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Aviation has long been a mainstay of watchmaking. This should be no surprise as the first wristwatch – the Cartier Santos – was made especially for pilot Alberto Santos Dumont in 1904. Since then, the likes of Breitling and IWC, have brought pilot-specific watches into the mainstream.
Some 64 years after RAF Flight Lieutenant Ray Holmes successfully defended Buckingham Palace from an oncoming Luftwaffe bomber by ramming it in mid-air with his Hawker Hurricane, P2725, our partners at TMB Art Metal excavated its wreckage from underneath Buckingham Palace Road. Limited to 100 pieces, this watch contains a piece of aluminium from P2725's engine that has been engraved with a map of London, whilst remembering the heroism of those throughout the RAF’s ranks as we approach its centenary.
Precise. Legible. Beautiful: the C8 Power Reserve Chronometer is a watch firmly rooted in the tradition of British aviation timepieces like the Smith’s Mk II A clock. But its looks are just part of the story: powered by a new complication of Calibre SH21, the watch can run for an incredible five days on just one charge.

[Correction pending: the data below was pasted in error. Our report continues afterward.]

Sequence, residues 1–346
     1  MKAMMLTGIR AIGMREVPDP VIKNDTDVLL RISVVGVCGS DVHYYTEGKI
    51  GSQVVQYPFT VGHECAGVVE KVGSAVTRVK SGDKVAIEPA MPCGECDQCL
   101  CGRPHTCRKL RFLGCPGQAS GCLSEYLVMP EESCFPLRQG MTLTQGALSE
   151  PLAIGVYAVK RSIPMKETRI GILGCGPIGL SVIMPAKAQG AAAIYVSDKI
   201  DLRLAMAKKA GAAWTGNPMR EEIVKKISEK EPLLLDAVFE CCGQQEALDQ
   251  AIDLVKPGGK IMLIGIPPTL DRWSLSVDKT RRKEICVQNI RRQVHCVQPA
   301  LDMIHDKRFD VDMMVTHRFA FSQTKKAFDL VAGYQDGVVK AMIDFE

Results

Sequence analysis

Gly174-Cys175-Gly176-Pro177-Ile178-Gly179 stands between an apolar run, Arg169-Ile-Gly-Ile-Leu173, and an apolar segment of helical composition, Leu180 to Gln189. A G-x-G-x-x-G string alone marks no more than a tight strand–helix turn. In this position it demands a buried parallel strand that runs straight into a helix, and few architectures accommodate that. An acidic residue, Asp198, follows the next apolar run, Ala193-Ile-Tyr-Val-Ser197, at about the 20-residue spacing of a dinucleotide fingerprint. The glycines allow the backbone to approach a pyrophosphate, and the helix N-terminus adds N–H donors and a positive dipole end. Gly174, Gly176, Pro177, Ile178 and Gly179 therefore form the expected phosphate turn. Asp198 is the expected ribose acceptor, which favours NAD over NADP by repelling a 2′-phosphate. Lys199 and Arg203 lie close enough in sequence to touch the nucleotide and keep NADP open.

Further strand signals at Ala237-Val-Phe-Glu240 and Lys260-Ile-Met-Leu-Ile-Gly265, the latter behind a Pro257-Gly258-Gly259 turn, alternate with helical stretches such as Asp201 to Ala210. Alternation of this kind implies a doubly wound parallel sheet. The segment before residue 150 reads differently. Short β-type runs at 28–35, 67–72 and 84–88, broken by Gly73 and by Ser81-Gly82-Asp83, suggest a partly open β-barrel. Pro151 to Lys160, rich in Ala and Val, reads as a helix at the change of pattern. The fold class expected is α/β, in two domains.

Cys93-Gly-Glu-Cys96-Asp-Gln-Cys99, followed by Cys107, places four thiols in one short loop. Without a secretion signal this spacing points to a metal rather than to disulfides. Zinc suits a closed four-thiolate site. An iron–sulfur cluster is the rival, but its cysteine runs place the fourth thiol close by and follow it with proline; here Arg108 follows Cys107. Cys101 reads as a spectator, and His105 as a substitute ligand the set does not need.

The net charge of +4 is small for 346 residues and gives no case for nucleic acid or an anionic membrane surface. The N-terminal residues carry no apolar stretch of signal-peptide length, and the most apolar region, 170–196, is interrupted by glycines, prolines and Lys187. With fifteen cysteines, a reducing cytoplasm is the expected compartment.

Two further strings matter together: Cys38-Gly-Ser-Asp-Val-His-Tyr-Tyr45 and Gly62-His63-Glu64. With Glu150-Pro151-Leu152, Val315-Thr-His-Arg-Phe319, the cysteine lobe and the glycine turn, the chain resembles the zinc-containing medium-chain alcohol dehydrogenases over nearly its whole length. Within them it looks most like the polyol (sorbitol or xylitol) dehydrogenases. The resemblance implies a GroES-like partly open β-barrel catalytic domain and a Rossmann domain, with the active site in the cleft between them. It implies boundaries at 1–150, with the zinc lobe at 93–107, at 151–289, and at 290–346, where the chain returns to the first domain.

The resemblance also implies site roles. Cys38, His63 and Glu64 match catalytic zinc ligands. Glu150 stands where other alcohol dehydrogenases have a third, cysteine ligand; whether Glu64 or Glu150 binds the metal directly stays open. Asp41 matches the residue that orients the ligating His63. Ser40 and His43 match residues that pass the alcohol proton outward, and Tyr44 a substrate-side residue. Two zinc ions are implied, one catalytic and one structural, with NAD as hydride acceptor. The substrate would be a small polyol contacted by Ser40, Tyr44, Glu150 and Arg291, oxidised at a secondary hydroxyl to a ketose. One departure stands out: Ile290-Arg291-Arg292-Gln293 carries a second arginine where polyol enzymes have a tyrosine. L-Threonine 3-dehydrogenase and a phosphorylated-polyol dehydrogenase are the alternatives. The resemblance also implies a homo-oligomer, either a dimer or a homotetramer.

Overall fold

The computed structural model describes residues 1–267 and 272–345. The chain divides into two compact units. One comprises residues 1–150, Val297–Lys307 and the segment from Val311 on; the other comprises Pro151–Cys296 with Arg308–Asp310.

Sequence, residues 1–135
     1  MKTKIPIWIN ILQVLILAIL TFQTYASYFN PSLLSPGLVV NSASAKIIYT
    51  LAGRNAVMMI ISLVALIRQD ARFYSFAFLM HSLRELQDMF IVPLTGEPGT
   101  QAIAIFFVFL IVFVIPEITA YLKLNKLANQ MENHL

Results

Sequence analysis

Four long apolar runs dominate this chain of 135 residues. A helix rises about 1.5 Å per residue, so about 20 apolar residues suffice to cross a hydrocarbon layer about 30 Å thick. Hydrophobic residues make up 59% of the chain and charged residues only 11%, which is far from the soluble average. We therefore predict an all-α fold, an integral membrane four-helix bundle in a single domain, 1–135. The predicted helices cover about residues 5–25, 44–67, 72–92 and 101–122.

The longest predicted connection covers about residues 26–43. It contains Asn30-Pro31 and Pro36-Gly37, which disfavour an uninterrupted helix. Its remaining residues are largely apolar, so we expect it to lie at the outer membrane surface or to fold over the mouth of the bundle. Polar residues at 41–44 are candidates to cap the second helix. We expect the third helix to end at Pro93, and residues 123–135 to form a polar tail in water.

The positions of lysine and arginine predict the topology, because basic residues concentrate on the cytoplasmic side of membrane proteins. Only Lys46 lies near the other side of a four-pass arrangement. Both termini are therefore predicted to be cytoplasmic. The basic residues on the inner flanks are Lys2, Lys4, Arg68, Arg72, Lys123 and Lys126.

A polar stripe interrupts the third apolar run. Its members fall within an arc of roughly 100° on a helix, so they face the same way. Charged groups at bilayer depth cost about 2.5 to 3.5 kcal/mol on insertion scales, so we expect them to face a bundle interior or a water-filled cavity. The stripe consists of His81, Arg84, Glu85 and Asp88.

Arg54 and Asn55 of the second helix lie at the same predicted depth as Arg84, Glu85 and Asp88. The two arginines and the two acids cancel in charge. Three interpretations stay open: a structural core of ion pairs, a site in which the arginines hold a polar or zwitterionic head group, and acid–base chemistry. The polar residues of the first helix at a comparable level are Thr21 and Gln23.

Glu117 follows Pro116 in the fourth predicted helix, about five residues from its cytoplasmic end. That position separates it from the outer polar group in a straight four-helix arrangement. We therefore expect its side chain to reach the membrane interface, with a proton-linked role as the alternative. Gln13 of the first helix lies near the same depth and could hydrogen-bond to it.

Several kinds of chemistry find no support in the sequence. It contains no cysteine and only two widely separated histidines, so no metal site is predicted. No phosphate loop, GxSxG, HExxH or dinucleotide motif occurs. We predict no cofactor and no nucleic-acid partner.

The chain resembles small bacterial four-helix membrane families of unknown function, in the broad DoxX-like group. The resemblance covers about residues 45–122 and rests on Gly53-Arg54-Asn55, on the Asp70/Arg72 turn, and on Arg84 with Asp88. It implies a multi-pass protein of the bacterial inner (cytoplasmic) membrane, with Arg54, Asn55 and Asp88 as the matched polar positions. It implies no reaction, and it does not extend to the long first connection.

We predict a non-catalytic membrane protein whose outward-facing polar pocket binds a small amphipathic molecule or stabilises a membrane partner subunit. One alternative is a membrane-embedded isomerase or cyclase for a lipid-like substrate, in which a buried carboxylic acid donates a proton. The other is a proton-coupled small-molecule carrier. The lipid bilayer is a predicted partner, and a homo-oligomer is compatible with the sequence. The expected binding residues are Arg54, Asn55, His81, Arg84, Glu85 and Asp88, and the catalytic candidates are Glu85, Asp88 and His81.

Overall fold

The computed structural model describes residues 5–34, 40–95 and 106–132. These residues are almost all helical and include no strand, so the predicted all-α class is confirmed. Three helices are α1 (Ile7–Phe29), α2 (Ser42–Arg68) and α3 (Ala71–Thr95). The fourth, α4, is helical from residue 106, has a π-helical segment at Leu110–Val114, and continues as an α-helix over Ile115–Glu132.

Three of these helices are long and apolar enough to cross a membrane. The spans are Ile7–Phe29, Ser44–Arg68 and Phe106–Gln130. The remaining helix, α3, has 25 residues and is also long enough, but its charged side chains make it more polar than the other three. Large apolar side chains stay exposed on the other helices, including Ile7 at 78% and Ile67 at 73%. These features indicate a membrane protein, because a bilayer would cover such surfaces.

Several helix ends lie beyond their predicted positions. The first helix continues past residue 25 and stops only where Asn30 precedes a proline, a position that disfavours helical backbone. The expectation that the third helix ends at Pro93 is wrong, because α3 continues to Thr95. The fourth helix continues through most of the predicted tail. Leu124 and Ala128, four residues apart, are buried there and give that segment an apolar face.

Aviation is something we take for granted, thinking nothing about circling the globe in flying metal tubes and meeting colleagues for lunch on a different continent. But the new Christopher Ward C8 UTC Worldtimer reminds us of the wonder of flying: linking the design of classic military aviation with the possibilities of modern jet travel in one ingenious, and very beautiful, watch.
Recalling a time when watches were tested for accuracy by regulator clocks, this is a most unusual watch. For a start there’s only one centre hand (minutes), while the hours and seconds are shown in subdials at opposite ends of the dial. If the unusual design doesn’t get you, the sight of the stunning, hand-wound Unitas 6498 movement through the back will.